The odor and disgruntled sounds wafting out the end of that pipe told Beanie the floaters had decided to try the other stairwell. Satch said the trick was to discourage them. Well, so far, so good. The other stairway had only the barrier to stop them, unless you counted the overhead sprinkler pipe. The tiny glass part that lets out the water was broken off and replaced with a piece of tape attached to a string. The string, partially hidden, went up the stairway over the doors to where Beanie could pull it and tear the tape off. Beanie knew they wouldn't like what was in that sprinkler pipe. He had filled it himself over the months they'd been here, and he had to drink a lot of water to do it.
Beanie had once read how they defended castles back in the olden days and was trying as hard as he could to apply it to this Greystone high-rise. He had found that many of the castle folks were extremely resourceful. He sort of wished he had boiling oil to pour on his invaders, but yellow water would have to do for now. Running as fast as he could, he noticed what's-her-name had come down the interior stairs. Those stairs only went three levels.
"It's all right, puddle-butt, I'm just checking on them," he said as he raced passed her.
Hitting the next Exit, Beanie listened intently for signs they were trying to move the doors. What's-her-name's scream sent him running back out to the elevator doors where she was standing.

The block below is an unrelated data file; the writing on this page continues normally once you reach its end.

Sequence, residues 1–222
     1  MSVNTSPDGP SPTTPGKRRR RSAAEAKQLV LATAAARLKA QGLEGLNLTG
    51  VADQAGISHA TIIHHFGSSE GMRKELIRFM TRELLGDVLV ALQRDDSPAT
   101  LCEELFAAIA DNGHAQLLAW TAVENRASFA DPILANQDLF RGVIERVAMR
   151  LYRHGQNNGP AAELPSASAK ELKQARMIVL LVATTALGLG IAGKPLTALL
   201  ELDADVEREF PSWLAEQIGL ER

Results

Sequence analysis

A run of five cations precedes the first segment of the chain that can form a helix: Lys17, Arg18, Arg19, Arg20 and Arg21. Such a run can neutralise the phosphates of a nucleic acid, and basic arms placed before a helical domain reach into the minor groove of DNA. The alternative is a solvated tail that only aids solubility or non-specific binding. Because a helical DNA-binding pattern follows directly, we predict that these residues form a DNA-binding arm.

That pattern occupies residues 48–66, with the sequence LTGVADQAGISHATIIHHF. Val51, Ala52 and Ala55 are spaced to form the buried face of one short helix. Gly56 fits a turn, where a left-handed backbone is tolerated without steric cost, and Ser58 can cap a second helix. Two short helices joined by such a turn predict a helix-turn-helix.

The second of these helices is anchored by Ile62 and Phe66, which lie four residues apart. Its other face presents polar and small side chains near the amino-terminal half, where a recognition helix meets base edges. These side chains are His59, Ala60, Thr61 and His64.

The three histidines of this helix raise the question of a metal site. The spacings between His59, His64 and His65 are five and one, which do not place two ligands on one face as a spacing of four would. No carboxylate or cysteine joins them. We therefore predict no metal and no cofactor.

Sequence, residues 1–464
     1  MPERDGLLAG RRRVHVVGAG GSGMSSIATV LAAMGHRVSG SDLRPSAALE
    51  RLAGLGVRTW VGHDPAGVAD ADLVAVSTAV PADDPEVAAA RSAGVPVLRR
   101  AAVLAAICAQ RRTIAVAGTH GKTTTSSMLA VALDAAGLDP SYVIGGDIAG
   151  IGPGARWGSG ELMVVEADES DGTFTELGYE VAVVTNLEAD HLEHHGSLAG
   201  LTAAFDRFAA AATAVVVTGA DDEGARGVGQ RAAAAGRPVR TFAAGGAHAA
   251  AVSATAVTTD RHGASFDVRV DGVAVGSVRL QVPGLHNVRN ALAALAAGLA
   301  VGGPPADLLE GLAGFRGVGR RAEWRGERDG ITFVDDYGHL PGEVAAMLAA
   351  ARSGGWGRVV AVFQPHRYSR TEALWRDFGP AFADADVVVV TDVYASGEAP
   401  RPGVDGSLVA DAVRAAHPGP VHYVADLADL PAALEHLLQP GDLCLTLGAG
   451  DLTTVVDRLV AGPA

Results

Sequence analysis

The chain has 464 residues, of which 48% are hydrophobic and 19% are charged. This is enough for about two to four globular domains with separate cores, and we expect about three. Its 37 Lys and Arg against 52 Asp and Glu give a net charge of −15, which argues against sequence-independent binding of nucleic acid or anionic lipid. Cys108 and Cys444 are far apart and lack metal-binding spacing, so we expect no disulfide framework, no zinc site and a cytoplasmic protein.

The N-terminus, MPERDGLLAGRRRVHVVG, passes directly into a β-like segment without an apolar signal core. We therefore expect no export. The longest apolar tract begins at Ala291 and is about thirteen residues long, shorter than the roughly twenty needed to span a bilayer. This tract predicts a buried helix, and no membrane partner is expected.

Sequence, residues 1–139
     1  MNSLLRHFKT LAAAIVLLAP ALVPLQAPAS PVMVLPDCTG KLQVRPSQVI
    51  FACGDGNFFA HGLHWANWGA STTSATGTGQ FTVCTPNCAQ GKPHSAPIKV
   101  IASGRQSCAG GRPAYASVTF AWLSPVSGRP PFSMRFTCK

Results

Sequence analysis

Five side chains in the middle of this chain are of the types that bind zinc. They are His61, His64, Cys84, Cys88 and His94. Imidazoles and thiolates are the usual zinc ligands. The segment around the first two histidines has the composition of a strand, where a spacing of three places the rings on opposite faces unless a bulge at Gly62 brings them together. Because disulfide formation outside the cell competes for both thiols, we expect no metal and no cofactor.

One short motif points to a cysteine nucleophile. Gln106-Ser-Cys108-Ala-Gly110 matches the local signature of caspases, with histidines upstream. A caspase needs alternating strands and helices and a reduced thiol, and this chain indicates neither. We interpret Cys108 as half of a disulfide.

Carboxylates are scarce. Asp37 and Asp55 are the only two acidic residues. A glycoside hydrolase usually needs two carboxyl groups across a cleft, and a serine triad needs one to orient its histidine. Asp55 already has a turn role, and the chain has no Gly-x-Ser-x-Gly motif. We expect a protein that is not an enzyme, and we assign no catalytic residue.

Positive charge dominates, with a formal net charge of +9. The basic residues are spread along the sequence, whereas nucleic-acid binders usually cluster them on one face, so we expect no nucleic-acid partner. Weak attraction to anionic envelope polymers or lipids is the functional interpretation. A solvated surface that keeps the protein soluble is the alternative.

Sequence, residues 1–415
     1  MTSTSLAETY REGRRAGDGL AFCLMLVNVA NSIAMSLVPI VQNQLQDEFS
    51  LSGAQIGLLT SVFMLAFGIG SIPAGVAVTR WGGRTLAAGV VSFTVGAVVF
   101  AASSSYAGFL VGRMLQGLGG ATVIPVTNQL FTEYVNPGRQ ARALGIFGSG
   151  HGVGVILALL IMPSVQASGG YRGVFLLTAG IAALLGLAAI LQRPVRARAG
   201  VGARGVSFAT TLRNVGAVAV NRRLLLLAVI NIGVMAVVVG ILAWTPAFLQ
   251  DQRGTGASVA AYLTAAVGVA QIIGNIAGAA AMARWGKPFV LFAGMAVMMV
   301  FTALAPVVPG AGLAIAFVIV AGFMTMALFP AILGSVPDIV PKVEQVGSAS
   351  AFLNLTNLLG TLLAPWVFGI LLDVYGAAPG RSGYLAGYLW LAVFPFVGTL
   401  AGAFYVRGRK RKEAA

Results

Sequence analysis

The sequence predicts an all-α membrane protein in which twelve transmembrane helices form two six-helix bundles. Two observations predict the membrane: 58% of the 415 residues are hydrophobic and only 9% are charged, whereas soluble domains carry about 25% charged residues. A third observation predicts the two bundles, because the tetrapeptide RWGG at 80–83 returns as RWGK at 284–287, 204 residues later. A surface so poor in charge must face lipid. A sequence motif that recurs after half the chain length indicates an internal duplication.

"Calm down mud-bucket, they can't get in that way," he said. He seriously hoped he was right, but he could hear them as well as she could. They must have crawled out on top of one of the elevator cars and were trying to climb up the open shaft.
"Go sit with Satch, bubble-butt. Everything's under control," Beanie hollered as he hammered back up the three flights and raced for the fire stairs. Beanie hoped she would go sit with Satch; it would make her feel safer. Satch was way too old to protect anyone, but what's-her-name didn't know that yet. If the floaters actually got in, Beanie didn't know what would happen. What's-her-name panicked every time they were attacked, but then she had been pretty beat-up when he found her. She had seen hard times. He remembered how he had spent a whole day talking her out of a cubby-hole she had crawled into. That had been months ago and she still woke up screaming some nights -- and some nights she had 'accidents'. Beanie always made sure he had dry clothes and bedding on hand. But she was only five or six, only half his age.
Three more flights and Beanie grabbed the fire-hose. The hose still worked because it was fed by a giant storage tank on the top floor. Beanie pulled the U-bolt out of the doors and pried them apart. Satch had come up with a battery drill that first day in the building and the two of them U-bolted each set of elevator doors, almost all the way to the top.
"Eat this!" Beanie yelled as he cranked the hose up and let 'em have it.
The language hurled up at him was beyond description. They were using every nasty word he had ever heard and a few he hadn't. He could just make out their forms as they huddled back against the wall under some cross braces. It was a stand off. He couldn't dislodge them and they couldn't climb any higher. Knowing the water would eventually give out, Beanie needed a better plan.
"Hold the bolts in, Satch! Don't let them rattle out!" he hollered, hoping Satch heard him as he re-bolted his doors and raced for higher levels.
When whoever had been here in the past had left, they took most everything with them. The only items left were broken, bent, or twisted, but good enough for Beanie, Satch, and what's-her-name to make a home here.
Satch was set-up in one of the offices that caught the morning sun. He liked that.